The Big Red One (The 2004 ‘Reconstruction’ version of the 1980 film)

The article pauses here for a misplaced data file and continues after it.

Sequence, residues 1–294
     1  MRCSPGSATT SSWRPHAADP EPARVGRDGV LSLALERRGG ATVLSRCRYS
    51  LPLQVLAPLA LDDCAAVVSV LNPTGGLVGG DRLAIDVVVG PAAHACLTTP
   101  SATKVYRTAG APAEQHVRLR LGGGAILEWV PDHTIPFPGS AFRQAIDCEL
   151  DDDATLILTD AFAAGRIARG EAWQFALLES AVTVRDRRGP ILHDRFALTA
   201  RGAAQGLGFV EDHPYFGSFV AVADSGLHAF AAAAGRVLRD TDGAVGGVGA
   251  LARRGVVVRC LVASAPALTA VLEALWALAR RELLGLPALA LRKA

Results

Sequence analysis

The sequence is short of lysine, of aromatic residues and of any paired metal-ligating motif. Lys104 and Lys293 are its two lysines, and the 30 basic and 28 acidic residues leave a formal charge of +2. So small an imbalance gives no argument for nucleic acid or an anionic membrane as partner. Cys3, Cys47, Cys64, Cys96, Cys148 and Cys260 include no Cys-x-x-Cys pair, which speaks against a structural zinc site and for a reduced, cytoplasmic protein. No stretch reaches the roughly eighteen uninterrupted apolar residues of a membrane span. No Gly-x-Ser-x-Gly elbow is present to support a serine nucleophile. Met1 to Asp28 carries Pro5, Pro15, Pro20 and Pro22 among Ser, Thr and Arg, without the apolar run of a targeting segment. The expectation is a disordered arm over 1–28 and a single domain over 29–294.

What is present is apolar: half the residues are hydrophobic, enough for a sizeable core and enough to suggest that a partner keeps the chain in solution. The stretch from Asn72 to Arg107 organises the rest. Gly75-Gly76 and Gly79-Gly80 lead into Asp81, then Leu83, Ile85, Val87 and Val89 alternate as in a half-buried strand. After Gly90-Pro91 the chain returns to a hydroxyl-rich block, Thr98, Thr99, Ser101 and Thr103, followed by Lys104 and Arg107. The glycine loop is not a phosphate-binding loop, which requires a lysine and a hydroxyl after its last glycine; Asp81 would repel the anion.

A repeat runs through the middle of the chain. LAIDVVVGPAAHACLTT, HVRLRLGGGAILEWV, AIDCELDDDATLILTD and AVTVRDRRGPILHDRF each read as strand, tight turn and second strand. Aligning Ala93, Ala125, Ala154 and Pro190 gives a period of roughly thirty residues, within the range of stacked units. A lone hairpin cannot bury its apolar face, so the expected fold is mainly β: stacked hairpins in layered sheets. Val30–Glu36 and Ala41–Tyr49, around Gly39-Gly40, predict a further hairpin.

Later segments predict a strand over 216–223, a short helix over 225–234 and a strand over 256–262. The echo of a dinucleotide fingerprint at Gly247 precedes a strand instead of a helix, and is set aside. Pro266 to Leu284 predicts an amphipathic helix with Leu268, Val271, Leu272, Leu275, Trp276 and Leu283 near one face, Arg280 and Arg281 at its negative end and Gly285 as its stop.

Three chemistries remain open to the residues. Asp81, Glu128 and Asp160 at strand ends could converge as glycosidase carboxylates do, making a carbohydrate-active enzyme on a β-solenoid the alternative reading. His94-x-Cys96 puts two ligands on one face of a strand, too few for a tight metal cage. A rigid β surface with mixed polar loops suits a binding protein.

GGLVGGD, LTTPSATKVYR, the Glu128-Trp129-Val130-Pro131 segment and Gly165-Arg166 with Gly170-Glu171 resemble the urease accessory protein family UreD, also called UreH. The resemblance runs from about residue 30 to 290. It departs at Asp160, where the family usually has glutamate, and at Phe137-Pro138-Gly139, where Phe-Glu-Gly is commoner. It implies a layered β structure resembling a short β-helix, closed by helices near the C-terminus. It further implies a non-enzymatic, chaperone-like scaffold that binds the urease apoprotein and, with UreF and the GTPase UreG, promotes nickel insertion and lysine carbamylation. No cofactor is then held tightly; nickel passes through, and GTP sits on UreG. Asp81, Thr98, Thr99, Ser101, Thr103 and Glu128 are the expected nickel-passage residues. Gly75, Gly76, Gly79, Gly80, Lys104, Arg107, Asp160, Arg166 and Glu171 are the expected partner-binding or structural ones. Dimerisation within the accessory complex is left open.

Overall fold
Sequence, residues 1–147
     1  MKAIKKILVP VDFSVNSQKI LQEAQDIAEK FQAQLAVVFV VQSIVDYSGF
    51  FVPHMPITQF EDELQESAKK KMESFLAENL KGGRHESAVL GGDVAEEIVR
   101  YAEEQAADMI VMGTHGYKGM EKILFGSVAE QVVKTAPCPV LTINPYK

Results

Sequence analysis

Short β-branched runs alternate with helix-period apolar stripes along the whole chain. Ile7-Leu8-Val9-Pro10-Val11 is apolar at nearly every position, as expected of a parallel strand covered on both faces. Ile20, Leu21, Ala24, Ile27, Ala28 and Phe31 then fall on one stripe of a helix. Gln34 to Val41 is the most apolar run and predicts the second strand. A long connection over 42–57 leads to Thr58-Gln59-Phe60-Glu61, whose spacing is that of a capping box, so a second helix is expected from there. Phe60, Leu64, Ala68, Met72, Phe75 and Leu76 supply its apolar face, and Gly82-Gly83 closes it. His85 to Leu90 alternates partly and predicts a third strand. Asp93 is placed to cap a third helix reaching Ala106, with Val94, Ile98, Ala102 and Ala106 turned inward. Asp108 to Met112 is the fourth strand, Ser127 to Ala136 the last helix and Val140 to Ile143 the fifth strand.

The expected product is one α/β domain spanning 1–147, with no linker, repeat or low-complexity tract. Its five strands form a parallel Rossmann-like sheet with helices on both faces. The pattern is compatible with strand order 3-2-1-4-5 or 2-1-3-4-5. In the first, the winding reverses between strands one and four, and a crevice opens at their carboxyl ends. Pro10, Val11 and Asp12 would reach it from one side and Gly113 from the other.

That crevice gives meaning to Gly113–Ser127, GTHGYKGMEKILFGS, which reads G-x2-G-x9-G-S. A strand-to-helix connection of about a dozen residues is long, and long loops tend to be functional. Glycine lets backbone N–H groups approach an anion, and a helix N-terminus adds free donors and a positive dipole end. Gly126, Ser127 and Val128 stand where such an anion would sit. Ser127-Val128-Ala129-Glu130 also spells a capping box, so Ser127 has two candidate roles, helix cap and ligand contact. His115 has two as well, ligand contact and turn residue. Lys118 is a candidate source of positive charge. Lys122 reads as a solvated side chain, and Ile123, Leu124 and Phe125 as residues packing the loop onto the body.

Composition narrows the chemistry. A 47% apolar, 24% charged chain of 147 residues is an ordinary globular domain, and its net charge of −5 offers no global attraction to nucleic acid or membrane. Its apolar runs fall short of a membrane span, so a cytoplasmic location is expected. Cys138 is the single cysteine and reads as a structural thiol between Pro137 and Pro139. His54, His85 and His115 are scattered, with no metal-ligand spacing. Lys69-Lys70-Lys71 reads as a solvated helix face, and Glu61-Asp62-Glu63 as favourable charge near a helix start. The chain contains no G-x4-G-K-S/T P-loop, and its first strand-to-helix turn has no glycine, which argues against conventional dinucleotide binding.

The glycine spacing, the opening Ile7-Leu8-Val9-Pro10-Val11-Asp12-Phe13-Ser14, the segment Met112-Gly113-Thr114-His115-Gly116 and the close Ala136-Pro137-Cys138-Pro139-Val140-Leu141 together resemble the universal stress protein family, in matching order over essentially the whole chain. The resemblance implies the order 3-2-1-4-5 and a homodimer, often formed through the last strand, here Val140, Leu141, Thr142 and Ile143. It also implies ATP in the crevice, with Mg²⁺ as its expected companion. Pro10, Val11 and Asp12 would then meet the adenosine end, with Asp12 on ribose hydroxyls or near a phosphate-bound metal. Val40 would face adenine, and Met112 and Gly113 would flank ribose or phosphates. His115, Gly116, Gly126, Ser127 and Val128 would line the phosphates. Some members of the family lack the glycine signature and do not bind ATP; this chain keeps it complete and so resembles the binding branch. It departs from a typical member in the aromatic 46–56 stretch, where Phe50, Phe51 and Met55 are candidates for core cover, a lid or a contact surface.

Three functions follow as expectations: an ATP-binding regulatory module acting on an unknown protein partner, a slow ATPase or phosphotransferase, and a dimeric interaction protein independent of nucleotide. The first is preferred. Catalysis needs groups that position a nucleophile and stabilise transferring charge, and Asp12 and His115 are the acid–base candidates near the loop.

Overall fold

I’m almost ashamed to admit that in all my cinematic travels, this World War 2 classic has escaped my attention till now. What’s even stranger is that WW2 is one of my favorite historical time periods and some of my most rewatched films (Saving Private Ryan, Empire of the Sun, A Bridge Too Far, The Battle of Britain etc) take place in THAT era. So, one night I was scanning an article on various censorship changes and alternate versions of numerous movies out ‘there’, when I came across mention of a 2004 reconstructed version of this classic…that I had no prior knowledge of. My curiosity was naturally peaked. So a few key strokes later and I had a copy located. Bless/Damn you, Amazon.ca!!! So, having now devoured all 162 minutes of it…it’s time to dig into ‘first impressions’. The film was written by screenwriter/novelist/actor/director/WW2 veteran Samuel Fuller, a name that I’ve heard respectfully tossed around in many a cinematic circle but, strangely, I’ve missed ALL of this renowned individuals work (head hangs in shame). This is my first Samuel Fuller film. And I think that it’s whet my appetite for more. The Big Red One is Fullers mostly autobiographical account of his time with the US First Infantry Division during WW2. The film traces the path of a 5 man team, lead by classic old school bad-ass Lee Marvin, as they fight their way through Europe, taking on Vichy French, Italian and German foes. Mark Hamill (Luke Skywalker, duh!) plays a slightly unhinged smart-ass sharp-shooter named Griff, while dorky Robert Carradine (Revenge of the Nerds) stands in for Fuller himself. The others are a tad bit…faceless. But that’s of little consequence as Marvin essentially carries the film with his gruff charisma and gun-sight eyes, guiding his men through thick and thin. Hamill was a genuine surprise as my inner 8 year old has a hard time letting go of the Skywalker persona that he’s been stuck with. His role in this was interesting and it made me wish that Star Wars hadn’t essentially been the death of Mark Hamill as a contender for potential box office clout, had he been given a wider spectrum of roles to tackle. He puts noticeable effort into his portrayal of the squads sharp-shooter, who begins to manifest (and question) the negative change that the war is having on him. One especially effective scene involved his Griff character stumbling upon the ovens in the crematorium of a death camp that his squad liberates. As he moves through the room in shocked disgust, he comes across a Nazi soldier who has unwisely trapped himself in a cold oven with less ammo than he thought. The look on Hamills surfer dude (pre-car accident) good looks is chilling, especially when he raises his rifle and fires round after round after round into the ironically cornered Nazi bastard, grimacing and leering as he squeezes the trigger. It’s even more interesting that this film was released in the same year as the best Star Wars film of them all, The Empire Strikes Back (1980). Quite the juxtaposition of characters for Mr. Mark Hamill THAT year. One thing was definitely clear as I took this film in…Fuller experienced WW2 and was keen on getting his experiences across as vividly as possible. The attention to detail is impressive, as is the vast majority of the cinematography. Many of the scenes, aided by some impressive location shooting, have a epic sense of scope that’s augmented by some unexpected grit. I can see the influence that The Big Red One would have had on Spielberg when he was planning out his Saving Private Ryan shoot, especially where the D-Day sequence was concerned. It just so happened that Spielberg took what Fuller had done well…and did it better. Which isn’t to take away from Fullers efforts…not at all. The war sequences are well-shot and edited, and the new 5.1 remaster that I saw …er…heard, sounded great. If there was something that I had to complain about, it would be that a lot of the battle scenes featured shot or blown up soldiers on both sides doing the old ‘I’m dead…and I clearly don’t want to hurt myself as I tumble to the ground’ type of dying/acting. There were instances of this that pulled me out of the film, for the slightest of moments. It could simply be a case that, after gorging myself on a steady diet of films and series like Saving Private Ryan, Black Hawk Down, Band of Brothers and Generation Kill, I’m more used to the unexpectedly violent and realistically gory examples of war-related bloodshed. But it’s a small complaint as it doesn’t interfere with the story that Samuel Fuller was trying (and succeeding) to tell. Speaking of story, I really had only a mild beef with this one.Throughout the flick, the narrative bounces back and forth between the squads desperate adventures and a lone Nazi officer who is determined to do his part for the Fatherlands 1000 Year Reich. He proves to be a repellent prick, lethally dedicated to Hitler. When the time comes for him to finally run into the squad, Lee Marvin attacks him with a blade, mirroring an B/W opening scene taking place in WW1. The trick of both scenes is that Marvin, having no knowledge at the time that the war was over, attacked and murdered a surrendering enemy soldier. In the conclusions case, I felt that he should’ve driven the knife into the German motherfucker a second time…especially when he proves to still be kicking. A big deal is made out of this piece-of shit still being alive, as though his survival was somehow penance for Marvins character and the guilt that he carried with him. But then again, there were always the Nuremberg Trials. In MY ‘extended’ version, the prick is tried and ‘firing squaded’ out of existence. Issue solved. All in all, this film is very well done and I would easily recommend this version to anyone who may enjoy history, war films, the films of Samuel Fuller or seeing Mark Hamill play a character that isn’t a Jedi Knight. It’s a good one.